“Harm reduction,” is the term often used in the addiction and recovery world. It is philosophy that recognizes that few people change all at once and forever. Harm reduction encourages, “any positive change.” Over time, these positive changes can add up to large ones. And, it ensures that the relationships of support are there when a person is ready to change even more.
Pain and punishment will solve the problem.
One of the fundamental truths of Christianity is that grace and love, not judgment and punishment, are the most transformative forces in the universe.
Addiction is, by its very definition, self-harming behavior. And addiction damages the parts of the brain that helps us with long-term decision making. Increasing harm and long term consequences for those struggling with addiction doesn’t make sense. In fact, it actively makes addiction worse.
A study of more than 1,300 injecting drug users in Baltimore from 1988 to 2000 illustrates the point. The researchers wanted to find out what worked or what could predict recovery and examined demographic factors, drug use patterns, and whether the person sought drug treatment. The authors write, “Of great interest is that only a history of incarceration differentiated persons who successfully stopped using drugs from those who continued to use injection drugs over a 12-year period.”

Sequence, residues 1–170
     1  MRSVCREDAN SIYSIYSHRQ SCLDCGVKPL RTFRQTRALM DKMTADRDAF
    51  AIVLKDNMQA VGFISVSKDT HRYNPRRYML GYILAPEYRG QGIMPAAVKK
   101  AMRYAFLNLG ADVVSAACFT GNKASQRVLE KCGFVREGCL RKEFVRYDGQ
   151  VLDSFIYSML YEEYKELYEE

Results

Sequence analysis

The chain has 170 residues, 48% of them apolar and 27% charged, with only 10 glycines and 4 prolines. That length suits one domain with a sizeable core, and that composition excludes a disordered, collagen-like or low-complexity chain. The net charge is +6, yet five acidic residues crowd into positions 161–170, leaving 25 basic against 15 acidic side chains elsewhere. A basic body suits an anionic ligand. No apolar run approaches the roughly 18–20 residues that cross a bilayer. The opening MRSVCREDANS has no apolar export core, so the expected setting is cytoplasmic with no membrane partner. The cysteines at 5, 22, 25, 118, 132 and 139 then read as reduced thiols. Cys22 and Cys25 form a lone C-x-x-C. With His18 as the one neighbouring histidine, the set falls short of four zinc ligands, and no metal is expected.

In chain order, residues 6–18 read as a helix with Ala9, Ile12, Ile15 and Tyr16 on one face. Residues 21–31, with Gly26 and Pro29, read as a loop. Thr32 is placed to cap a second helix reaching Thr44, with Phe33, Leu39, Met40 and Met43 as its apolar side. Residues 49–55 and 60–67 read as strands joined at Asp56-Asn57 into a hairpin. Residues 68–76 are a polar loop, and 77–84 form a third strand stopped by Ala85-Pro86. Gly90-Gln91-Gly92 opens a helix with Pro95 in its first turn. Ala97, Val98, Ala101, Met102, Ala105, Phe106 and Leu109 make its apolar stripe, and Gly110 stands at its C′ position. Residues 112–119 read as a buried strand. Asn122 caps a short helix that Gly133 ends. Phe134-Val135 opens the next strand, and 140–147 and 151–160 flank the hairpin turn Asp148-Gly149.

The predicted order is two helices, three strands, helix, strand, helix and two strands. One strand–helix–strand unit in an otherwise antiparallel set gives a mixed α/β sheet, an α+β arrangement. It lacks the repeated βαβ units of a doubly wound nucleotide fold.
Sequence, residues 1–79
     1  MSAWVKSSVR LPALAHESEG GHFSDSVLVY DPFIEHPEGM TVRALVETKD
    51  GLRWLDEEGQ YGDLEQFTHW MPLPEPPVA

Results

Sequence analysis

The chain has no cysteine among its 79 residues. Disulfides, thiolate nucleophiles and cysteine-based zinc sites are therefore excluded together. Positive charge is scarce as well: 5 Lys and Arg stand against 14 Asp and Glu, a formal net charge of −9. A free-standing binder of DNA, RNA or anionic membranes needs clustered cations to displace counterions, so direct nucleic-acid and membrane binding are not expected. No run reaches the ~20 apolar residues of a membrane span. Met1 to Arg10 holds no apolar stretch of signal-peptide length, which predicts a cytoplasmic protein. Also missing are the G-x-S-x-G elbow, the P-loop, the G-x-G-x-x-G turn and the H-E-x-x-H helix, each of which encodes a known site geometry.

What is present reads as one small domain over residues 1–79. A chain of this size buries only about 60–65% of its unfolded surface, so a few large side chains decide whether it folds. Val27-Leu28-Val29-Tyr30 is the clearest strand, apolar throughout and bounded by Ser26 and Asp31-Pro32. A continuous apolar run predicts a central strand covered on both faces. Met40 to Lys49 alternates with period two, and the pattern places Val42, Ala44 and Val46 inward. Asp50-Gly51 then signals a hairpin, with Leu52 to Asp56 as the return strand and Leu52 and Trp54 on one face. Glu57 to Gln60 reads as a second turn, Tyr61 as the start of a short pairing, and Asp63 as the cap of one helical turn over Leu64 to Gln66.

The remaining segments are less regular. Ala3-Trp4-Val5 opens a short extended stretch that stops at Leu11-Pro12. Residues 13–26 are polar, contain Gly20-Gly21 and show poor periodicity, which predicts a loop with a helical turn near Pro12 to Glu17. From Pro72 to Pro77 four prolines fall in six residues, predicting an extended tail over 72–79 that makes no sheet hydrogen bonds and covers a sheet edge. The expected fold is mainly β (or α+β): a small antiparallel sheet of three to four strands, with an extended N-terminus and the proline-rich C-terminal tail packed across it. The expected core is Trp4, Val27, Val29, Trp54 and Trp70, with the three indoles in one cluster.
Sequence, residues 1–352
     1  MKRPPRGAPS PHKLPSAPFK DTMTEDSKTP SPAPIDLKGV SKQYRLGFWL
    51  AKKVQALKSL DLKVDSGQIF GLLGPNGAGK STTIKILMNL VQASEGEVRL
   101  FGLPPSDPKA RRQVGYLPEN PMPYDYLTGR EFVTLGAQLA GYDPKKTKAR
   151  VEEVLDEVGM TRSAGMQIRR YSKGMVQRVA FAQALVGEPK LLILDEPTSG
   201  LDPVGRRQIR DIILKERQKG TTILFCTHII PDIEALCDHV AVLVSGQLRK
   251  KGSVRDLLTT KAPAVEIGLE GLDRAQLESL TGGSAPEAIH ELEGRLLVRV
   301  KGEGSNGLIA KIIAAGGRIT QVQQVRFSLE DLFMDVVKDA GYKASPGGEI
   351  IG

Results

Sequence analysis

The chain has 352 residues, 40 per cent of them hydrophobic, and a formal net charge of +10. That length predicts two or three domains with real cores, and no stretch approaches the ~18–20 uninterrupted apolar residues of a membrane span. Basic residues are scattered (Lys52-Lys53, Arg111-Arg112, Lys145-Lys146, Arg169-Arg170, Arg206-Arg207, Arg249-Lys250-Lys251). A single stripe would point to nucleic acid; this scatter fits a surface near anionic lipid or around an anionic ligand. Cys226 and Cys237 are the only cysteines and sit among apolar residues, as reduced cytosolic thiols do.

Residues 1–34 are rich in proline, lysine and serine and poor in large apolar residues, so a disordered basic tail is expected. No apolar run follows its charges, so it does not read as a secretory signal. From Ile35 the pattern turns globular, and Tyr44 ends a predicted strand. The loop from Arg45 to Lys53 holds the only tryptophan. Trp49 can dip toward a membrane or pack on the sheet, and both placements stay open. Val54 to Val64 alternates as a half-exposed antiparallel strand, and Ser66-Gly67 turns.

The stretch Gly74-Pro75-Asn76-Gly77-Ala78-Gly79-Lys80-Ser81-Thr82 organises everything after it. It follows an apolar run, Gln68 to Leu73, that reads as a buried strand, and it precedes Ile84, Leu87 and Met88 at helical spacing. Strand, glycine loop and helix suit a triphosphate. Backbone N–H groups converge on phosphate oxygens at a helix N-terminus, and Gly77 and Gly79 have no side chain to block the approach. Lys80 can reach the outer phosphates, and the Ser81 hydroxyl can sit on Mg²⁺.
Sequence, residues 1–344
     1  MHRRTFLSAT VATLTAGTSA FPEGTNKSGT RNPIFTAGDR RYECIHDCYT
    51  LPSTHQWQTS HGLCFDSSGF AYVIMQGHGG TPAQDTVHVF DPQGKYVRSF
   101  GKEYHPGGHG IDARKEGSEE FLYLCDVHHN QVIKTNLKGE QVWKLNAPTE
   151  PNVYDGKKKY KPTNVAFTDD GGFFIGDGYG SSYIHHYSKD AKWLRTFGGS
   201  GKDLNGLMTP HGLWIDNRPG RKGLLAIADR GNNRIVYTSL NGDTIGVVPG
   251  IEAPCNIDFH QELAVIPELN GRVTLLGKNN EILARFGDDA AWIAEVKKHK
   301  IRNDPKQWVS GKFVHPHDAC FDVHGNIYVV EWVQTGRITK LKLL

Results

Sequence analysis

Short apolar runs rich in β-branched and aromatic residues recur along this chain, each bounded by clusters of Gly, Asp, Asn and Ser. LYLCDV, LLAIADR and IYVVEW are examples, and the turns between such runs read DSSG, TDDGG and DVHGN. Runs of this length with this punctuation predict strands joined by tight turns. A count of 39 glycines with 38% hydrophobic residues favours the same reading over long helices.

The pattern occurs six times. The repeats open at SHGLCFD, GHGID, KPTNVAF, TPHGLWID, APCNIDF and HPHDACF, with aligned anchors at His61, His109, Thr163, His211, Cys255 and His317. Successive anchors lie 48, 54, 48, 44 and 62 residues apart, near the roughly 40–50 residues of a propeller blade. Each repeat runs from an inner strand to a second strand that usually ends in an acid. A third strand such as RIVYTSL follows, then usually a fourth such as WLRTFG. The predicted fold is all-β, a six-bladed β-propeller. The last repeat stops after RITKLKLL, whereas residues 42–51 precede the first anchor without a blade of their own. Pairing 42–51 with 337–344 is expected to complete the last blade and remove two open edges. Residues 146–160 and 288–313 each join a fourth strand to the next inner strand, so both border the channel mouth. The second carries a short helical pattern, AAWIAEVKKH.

Part of a successful recovery isn’t so much about the behavior a person stops doing as it is about the new goals they start working to achieve in their life. Having something worth doing that isn’t your addiction is key to overcoming it. Our current criminal justice system takes away people’s motivation and reason for change by limiting their opportunity and hope for a better life.
Drugs are bad.
This probably sounds counter-intuitive if not just plain wrong. But this is a lesson I learned from experience. About 10 years ago I had a medical procedure go wrong and experienced incredibly painful complications. It was bad enough that I was admitted into the ICU and when into acute respiratory distress. I was put on heavy doses of narcotics.
As my doctor’s explained later, my body was under so much stress that if they hadn’t treated the pain, I might have experienced organ failure and died. One of the drugs they put me on was fentanyl, the synthetic opioid now driving overdoses across the country.